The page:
Against all expectations, however, the epiprom does not close the film with a saccharine rendition of "Earth Angel" but with a nearly poignant exchange in a gazebo between our star-crossed teens who talk about growing old, sharing a life, and the possibilities of total, reckless sacrifice for the loved-at-first-sight. Might a precious neck be bitten at the prom, of all places?
What's almost touching about the story given how little we know about any of the characters — practically nothing — is that Hardwicke and screenwriter Melissa Rosenberg (who may be drawing on the novel by Stephenie Meyer, which I haven't read) have peppered Bella's personality with the flattering traits of a modern woman:
- she easily identifies single-cell organisms on the slide of a microscope;
- she instantly recognizes the square root of pi in casual conversation;
- she advises a friend to stop fretting about prom and just ask the guy she wants to go with, telling her "you're a powerful, independent woman;"
- she knows the works of classical composers, or at least Debussy;
- she maintains good relationships with both of her divorced parents;
- she can't dance;
- she's not good at sports;
- she's just all-around clumsy;
- but she knows her way around Google;
- ditto independent bookstores;
- and she has almost no interest in picking out prom dresses, although she encourages a friend to go with the one that accentuates her bust.
Bella is a powerful, independent woman. Who will use her skills to impress and claim a boy. Or a blood-sucking beast. (Six of one.) None of her abilities upends the story's basic design, which is as old as the hills: a waif is in need of a male protector who will complete her, and she'll endanger herself to get him because she thrives on the allure of sacrifice. Plus he's dreamy. And in a way he needs her, too, but only to overcome his self-disgust. "You're beautiful," she says of his shameful skin. In such movies, love conquers all: it stomps on live turkeys and green fauna and supple brains and vibrant creativity, and it especially conquers the power and independence of powerful, independent young women. Its presence supersedes the usefulness of intelligence and wisdom, which are shunted off in service of boys' egos. Movie love is a zero sum game; Twilight is no more modern than His Girl Friday.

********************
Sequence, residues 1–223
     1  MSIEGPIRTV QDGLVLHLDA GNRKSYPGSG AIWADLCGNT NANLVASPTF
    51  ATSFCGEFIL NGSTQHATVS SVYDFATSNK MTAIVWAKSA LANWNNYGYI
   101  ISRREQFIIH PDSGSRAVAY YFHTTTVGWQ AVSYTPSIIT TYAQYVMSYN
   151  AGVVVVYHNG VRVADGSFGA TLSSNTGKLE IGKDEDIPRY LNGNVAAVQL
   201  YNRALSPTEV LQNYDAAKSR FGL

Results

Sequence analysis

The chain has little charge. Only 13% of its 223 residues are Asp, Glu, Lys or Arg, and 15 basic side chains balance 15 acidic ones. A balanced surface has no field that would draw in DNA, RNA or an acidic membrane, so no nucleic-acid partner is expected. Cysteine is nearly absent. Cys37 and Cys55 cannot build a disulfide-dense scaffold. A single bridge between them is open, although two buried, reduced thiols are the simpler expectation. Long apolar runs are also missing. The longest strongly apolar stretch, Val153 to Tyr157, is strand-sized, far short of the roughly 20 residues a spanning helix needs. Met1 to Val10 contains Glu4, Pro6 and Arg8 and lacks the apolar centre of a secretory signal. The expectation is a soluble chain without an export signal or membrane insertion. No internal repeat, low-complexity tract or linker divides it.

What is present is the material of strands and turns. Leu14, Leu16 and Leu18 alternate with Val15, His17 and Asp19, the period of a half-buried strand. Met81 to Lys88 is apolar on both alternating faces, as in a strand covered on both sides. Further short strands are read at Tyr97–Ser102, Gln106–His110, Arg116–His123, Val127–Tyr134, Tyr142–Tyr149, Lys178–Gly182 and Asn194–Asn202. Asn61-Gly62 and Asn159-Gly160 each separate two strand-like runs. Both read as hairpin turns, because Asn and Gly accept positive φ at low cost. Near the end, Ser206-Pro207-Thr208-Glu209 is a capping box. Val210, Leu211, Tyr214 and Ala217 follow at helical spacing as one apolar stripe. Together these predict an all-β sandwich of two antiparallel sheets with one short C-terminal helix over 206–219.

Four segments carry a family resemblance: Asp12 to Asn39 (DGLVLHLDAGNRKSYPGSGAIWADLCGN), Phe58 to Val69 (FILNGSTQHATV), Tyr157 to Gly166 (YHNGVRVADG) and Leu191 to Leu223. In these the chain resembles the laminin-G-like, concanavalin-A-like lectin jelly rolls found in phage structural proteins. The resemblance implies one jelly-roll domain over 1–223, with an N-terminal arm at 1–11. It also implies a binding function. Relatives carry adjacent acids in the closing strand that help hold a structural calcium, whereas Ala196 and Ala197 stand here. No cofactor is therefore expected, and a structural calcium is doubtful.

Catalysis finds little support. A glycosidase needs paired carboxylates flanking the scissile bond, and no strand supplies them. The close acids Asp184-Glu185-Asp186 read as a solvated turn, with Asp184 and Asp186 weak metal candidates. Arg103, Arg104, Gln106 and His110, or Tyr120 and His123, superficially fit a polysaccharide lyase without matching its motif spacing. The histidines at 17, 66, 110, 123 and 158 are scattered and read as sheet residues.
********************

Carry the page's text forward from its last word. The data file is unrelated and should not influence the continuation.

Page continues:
Carving a space in the film market for a fantasy made specifically for teenage girls (and, if necessary, their dates) is certainly a kind of triumph in an industry that more commonly offers scraps to those girls, in the form of light subplots and minor female characters, sidekicks plugged strategically into products that are aimed at the girls' male peers. And certainly Bella could have been a squealing airhead who makes us all retch. Instead, she may introduce a whole generation of teens to Debussy and the square root of pi. But the qualities that are intended to modern-up this waif, while not at odds with a credible swoon, are a lot more interesting than the long revered swoon itself. Unfortunately, it's the latter that commands the screen and cants every shot twenty degrees from plumb. (And every cheek bone seventy, every eyebrow eighty-five.)
Someday a filmmaker will figure out how to shoot intelligence as seductively as a good smoldering look between pretty teens. Until then, we remain at the cusp of darkness.